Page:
I’m not the type to stay at hospital placement all day long, looking around for things to do. Don’t get me wrong; I do the basics: go to lectures, attend bedside teaching, write up histories, and shadow junior doctors. But I can’t help but feel a strong lack of encouragement from senior doctors and consultants.
It’s not that I need an extra push to do some work, but to make medicine seem interesting and less textbook, it’d be nice to be taught by someone who sees it that same way. I’ve only witnessed a handful of such teachers in my time, but it’s because of them, that I’ve been inspired to think about career paths in their field and attend more optional clinics and ward time in order to have them teach me, and even help them out with ongoing audits and projects.
I’ve been taught by a few consultants that have been so enthused by DXA scans, osteoporosis, and fibromyalgia that it’s made me seriously consider a career in rheumatology. When I tell people this, their usual response is “rheumatology? What a specific specialty. How did you think of that?” but I think it comes down to how encouraging those teachers were in the first place. They would often have me carry out a thorough examination of something relatively simple, like a woman’s hands, or a man’s foot. They were keen to get me to know the examinations inside out for my upcoming exams, and even prepped me with typical exam questions.
Their willingness to help me prompted me to help them, and so I asked, “Any audits or ongoing projects that need a medical student?” Lo and behold, I’ve just finished one and am on to another. A situation that I wouldn’t have put myself in had those doctors not made rheumatology research sound interesting and worthwhile.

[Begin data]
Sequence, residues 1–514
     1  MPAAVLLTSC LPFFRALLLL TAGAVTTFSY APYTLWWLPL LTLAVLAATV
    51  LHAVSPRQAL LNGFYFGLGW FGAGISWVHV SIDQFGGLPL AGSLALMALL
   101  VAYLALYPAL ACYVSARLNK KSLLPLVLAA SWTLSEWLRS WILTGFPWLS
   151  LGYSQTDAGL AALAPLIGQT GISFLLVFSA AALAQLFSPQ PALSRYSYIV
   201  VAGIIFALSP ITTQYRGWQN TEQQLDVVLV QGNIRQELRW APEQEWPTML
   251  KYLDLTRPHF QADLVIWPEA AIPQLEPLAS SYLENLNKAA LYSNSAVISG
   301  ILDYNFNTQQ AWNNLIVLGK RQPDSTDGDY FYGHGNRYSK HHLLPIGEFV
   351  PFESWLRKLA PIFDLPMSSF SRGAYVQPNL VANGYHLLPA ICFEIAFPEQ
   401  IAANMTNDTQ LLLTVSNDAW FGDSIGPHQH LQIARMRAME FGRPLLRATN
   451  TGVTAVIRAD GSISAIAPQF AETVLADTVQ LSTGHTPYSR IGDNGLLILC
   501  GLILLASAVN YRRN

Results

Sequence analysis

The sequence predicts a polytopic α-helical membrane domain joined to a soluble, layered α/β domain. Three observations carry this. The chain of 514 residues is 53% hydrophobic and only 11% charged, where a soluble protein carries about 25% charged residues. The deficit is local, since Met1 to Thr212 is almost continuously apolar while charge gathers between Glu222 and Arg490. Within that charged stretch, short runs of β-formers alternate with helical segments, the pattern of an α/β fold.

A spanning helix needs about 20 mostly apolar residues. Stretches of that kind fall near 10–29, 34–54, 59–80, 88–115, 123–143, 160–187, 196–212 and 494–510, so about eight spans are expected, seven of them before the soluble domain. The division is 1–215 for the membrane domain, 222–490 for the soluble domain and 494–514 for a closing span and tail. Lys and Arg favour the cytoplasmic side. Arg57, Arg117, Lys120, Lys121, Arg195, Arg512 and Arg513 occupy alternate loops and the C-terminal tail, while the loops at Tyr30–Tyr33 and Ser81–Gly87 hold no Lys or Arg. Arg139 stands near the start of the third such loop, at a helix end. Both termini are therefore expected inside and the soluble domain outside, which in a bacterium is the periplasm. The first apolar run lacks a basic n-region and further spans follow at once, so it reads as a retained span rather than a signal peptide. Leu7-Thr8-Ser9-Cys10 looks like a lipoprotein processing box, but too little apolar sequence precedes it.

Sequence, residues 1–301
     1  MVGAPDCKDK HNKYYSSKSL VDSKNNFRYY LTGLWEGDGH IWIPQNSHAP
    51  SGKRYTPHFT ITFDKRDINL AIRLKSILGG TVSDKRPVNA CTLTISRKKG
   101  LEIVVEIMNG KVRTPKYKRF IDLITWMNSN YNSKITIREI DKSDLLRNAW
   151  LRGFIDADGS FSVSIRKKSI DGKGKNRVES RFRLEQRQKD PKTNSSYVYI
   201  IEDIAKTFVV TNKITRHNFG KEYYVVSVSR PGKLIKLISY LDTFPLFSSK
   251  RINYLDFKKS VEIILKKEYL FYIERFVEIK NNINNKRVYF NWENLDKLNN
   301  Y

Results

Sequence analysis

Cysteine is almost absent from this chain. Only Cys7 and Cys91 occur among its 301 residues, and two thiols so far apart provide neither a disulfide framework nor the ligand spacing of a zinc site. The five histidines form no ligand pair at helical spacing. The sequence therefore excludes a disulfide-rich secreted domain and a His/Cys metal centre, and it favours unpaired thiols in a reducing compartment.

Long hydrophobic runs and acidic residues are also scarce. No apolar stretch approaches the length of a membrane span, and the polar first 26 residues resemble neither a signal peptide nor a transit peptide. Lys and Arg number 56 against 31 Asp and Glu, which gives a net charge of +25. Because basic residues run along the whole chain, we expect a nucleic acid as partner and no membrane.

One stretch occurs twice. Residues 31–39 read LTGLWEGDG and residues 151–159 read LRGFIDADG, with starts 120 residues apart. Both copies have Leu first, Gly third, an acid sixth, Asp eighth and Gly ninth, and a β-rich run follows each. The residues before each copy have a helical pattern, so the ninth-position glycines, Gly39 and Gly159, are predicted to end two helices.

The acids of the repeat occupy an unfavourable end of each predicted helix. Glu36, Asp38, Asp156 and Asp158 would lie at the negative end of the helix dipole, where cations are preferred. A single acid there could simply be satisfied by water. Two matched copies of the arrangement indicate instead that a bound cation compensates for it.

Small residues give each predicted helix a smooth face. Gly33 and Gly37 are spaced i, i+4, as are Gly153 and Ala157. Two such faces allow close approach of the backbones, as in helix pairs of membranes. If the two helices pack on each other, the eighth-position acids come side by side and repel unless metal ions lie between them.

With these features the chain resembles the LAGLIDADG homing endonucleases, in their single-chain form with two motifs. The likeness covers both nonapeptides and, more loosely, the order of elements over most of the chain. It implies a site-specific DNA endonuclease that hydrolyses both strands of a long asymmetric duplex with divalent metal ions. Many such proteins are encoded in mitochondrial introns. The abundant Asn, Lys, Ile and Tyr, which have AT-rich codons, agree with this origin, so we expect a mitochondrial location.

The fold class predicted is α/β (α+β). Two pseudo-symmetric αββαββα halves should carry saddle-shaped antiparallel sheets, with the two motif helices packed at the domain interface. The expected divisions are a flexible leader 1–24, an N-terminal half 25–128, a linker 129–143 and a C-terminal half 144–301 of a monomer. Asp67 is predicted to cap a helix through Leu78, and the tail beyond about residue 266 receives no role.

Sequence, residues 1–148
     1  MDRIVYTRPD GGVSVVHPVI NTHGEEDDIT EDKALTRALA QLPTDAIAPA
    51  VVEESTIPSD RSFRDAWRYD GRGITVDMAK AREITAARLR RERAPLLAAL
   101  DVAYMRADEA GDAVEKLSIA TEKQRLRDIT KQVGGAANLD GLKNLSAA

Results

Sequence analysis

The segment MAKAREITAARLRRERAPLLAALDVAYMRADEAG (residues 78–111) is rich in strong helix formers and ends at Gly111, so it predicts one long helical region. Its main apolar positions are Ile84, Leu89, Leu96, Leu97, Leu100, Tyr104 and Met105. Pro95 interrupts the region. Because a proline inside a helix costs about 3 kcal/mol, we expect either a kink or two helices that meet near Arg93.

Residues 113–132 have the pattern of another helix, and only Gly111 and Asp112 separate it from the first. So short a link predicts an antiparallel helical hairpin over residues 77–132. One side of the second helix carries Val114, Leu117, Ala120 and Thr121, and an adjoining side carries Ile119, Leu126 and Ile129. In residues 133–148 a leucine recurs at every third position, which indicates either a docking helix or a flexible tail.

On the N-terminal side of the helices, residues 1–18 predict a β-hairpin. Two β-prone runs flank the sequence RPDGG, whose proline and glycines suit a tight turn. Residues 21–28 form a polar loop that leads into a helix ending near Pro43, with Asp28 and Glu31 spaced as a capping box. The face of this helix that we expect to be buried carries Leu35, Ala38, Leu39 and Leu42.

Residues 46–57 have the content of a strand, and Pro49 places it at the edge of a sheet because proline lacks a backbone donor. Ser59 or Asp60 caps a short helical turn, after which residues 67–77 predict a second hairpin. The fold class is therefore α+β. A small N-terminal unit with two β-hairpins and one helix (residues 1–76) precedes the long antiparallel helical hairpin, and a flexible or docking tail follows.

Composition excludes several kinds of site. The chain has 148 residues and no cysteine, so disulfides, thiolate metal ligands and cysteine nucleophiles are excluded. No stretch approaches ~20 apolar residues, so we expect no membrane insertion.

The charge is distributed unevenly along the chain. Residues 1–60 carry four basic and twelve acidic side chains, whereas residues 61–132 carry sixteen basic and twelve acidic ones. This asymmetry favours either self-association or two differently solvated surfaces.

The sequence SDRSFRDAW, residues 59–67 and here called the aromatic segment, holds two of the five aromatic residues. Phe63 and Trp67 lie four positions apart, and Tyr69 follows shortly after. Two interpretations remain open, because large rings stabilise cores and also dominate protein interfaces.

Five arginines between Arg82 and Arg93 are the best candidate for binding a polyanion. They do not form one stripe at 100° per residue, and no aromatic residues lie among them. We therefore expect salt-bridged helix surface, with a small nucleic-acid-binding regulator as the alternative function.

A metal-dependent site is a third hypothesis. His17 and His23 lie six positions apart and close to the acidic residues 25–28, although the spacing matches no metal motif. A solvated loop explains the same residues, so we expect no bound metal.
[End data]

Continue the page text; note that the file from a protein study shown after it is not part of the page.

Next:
Having encouragement as a medical student is vital. We’re at the bottom of the medicinal food chain, and it’s important that our confidence grows over the years spent at university. By the time we’re junior doctors, we are supposed to make decisions with assertion, whilst being respected from our colleagues and patients. This can only be done with effective encouragement and feedback from our seniors.
Not every doctor has time, extensive qualifications, or even resources to teach in an ideal way, but even so, you don’t need a diploma in medical education or a band of junior doctors to inspire students. Spending one-on-one time with students and focusing on what they need to know and how best to teach it to them can all be done at the bedside or even during a clinic. And after all that, hopefully, you’ll find a student inspired enough to help you out.
Neil Chanchlani is a fourth year medical student at the University of Birmingham, and former Clegg Scholar, BMJ.